The 1st Amendment to the Constitution provides the right to petition the government to take action on issues of concern to the citizenry. In the 1830s, as the issue of slavery was hotly debated in Congress, Americans made their voices heard on the subject through vigorous petitioning. During the 24th Congress alone, more than 130,000 anti-slavery petitions were sent to Congress. In 1836, in an effort to stop the flood of abolitionist petitions and curb debate on slavery, a group of pro-slavery House Members introduced the “gag rule” to prohibit consideration of these petitions. The “gag rule” tabled all anti-slavery petitions without further action or discussion. It was renewed each Congress by resolution, until it became a standing rule in 1840.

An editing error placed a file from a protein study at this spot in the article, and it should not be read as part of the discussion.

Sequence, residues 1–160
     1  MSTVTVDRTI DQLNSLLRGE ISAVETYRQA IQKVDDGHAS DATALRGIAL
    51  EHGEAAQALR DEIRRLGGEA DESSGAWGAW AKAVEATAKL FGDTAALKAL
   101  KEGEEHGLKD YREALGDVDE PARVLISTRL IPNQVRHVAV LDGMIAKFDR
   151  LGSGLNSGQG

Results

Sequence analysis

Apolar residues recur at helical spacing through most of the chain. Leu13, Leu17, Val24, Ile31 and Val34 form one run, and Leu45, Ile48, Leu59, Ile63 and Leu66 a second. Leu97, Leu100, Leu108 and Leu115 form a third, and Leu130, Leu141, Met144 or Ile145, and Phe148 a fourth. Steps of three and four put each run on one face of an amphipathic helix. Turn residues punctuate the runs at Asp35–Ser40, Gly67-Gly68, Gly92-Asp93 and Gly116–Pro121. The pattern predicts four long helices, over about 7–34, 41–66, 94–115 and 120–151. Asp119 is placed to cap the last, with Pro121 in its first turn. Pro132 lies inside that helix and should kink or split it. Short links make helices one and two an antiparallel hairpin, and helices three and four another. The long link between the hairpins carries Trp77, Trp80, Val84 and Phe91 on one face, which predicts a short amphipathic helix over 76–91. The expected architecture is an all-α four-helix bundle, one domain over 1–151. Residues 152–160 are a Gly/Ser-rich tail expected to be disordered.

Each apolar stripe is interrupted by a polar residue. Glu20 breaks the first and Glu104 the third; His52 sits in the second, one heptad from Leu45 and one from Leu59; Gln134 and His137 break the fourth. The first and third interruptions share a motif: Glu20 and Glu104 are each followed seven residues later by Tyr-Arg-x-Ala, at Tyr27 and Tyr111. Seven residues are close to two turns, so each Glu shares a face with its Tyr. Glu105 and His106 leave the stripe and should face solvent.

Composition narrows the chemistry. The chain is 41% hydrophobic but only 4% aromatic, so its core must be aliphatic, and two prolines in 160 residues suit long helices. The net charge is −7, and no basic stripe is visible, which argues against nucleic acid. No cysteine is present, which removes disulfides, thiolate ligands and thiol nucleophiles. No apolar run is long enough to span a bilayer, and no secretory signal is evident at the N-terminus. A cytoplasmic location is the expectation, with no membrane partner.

This 1838 petition, from a group of women in Brookline, Massachusetts, asks the House to rescind the “gag rule” on the basis that it was, “an assumption of authority at once dangerous and destructive to the fundamental principles of republican government, to the rights of minorities, to the sovereignty of the People, and to the Union of these United States.” Despite forceful opposition from Members such as John Quincy Adams, it remained in effect until 1844.